Another ring happened to catch my eye. Well, the opposite actually – I had to squint past the

jutting angles of other alluring jewelry to see the faint glint. I checked the price quicker this time, before my grandma noticed any interest. I felt it was just enough for her to be satisfied with its quality. “I like this one”, I said and pointed to the thin silver band. Simply a circle, a few

millimeters thick. She looked at me inquisitively.

“That’s what you like? Not something bigger or with sparkles or a little more… interesting?”

I smiled, because she remembers well the eccentricities of my childhood. After all, I’d flaunt

them to her every summer in the shining sunlight of August.

“Yes, this is what I like.”

My grandma thinks the greatest gifts she can give me now are pretty silver rings.

“I’ve prepared a piano profile for you,” she said happily once we were back home. I asked her

what this meant.

“Most of my sheet music is still in Germany, but from what I have here, I picked out an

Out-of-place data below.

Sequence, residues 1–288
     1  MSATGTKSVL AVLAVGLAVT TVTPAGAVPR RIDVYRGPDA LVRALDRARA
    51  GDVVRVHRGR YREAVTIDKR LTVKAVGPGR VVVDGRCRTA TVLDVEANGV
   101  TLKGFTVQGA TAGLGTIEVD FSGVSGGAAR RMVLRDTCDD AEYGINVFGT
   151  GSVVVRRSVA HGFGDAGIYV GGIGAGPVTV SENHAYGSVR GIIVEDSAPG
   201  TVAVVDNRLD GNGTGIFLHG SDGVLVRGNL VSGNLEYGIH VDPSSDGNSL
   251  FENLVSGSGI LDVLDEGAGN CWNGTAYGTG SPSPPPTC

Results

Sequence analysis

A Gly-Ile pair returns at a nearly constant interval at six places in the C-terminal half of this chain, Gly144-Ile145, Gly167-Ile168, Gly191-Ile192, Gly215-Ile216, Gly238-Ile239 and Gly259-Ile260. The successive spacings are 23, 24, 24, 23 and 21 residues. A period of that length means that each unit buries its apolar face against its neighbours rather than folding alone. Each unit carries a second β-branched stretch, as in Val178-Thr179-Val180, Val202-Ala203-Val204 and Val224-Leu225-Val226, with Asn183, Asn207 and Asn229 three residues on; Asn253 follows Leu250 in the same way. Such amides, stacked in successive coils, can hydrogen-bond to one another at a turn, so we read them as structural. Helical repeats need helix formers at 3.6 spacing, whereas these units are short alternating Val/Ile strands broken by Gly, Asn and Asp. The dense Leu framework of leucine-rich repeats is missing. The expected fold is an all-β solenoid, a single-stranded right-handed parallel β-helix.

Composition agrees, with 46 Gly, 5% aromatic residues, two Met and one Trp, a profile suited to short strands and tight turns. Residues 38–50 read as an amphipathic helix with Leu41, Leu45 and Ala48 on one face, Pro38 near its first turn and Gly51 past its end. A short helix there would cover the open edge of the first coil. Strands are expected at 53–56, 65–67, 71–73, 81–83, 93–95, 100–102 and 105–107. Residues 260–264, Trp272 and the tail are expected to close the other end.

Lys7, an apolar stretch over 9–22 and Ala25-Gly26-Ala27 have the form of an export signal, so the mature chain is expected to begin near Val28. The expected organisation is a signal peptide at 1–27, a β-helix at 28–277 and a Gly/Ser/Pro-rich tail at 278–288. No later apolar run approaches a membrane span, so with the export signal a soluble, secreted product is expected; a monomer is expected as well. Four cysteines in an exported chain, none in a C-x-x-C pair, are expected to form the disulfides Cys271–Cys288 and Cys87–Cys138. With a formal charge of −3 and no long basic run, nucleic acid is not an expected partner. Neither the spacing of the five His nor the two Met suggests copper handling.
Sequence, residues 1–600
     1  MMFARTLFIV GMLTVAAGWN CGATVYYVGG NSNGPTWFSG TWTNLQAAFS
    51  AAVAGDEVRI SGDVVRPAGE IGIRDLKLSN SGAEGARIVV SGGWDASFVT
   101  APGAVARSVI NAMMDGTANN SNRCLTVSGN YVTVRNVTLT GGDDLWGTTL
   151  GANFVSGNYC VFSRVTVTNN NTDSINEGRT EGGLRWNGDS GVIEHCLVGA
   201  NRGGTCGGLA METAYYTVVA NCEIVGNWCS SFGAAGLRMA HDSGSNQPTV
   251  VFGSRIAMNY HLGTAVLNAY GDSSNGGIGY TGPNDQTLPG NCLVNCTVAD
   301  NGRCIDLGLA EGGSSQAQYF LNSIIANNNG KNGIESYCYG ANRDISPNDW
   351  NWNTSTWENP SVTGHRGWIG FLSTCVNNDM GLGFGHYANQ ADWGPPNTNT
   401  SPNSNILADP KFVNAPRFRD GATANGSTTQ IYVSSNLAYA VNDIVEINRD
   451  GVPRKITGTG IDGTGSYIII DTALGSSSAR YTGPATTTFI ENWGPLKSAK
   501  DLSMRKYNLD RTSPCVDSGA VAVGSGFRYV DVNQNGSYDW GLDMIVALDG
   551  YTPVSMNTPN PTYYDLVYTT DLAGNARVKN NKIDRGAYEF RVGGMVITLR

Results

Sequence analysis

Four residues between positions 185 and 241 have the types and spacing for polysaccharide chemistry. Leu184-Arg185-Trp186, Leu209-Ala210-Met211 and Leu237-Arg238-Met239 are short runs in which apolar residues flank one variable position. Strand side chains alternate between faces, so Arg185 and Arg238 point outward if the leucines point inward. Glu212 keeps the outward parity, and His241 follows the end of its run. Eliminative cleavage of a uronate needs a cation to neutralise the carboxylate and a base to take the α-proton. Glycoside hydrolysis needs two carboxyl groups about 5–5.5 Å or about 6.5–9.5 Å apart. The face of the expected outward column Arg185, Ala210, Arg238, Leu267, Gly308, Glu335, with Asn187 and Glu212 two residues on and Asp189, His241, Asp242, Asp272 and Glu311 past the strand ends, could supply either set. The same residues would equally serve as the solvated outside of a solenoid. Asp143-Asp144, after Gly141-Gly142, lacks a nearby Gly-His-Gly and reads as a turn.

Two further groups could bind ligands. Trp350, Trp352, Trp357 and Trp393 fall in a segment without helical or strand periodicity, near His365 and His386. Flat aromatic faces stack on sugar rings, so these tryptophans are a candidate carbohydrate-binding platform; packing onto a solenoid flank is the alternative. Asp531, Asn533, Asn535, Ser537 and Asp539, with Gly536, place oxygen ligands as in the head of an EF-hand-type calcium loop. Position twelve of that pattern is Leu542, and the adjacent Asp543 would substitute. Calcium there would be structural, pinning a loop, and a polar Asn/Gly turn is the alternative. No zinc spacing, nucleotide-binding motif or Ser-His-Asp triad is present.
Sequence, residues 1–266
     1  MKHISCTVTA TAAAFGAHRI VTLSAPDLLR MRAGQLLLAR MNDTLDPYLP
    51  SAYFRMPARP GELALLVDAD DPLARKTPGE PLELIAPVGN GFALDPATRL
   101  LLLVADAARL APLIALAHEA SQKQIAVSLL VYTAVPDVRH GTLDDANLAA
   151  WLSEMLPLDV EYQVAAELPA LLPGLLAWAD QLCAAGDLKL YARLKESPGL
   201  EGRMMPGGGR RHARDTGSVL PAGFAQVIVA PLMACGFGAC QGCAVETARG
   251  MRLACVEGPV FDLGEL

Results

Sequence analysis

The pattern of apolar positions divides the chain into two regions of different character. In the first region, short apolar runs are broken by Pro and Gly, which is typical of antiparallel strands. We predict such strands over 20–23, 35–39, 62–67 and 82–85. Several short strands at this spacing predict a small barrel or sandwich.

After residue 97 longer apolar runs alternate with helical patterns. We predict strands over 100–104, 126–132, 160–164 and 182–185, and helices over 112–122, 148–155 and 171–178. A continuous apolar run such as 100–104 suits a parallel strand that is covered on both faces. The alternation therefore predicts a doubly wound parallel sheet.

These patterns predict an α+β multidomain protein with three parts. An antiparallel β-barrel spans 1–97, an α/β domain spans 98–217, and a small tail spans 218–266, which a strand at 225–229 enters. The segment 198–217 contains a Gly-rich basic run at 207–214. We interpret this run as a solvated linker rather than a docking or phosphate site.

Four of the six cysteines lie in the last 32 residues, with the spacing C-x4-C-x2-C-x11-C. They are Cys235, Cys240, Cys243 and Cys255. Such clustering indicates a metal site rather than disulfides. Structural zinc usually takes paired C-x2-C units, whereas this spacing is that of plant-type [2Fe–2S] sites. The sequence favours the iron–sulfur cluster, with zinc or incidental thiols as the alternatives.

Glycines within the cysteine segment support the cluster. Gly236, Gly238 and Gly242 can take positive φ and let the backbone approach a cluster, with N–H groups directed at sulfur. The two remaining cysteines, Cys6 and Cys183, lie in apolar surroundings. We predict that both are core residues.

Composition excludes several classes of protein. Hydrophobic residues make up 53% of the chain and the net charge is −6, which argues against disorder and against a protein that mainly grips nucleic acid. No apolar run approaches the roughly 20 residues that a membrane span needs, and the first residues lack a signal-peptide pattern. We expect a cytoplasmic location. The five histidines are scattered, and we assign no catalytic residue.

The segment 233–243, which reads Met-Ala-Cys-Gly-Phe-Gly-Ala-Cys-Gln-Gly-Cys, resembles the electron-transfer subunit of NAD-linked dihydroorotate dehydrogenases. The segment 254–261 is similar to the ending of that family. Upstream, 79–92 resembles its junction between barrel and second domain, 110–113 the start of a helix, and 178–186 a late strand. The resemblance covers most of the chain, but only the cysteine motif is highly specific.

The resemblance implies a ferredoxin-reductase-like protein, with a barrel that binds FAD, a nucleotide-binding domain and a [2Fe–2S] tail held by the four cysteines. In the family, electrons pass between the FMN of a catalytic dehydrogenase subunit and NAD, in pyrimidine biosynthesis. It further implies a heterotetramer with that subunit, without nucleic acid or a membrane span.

arrangement that embodies your character. You, as a song on the piano.” After the fall of the

Soviet Union, my grandparents immigrated to Germany and my dad immigrated to America,

leaving empty rooms in their gray apartment block, in an increasingly empty ex-Eastern Bloc

country. I was sitting in my dad’s old room when I was gifted the piano profile.

The concrete veils us from the heat of the sun, and in the cold and dark old apartment, this gift

feels secret, intimate, just for me to see. And it is. It is between me and my grandma. It is

between me and my grandma and the people in the black and white photos on the walls, my dad

as a baby and my grandpa as a young man and my grandma after a recital and my grandma’s

sister and their friends and my sister and my mom and me once again, little me, always making a

weird face or strange pose because I always wanted to be different.

And she begins to play.

The piece starts out with a bang – the way my grandma will always remember me. The fast-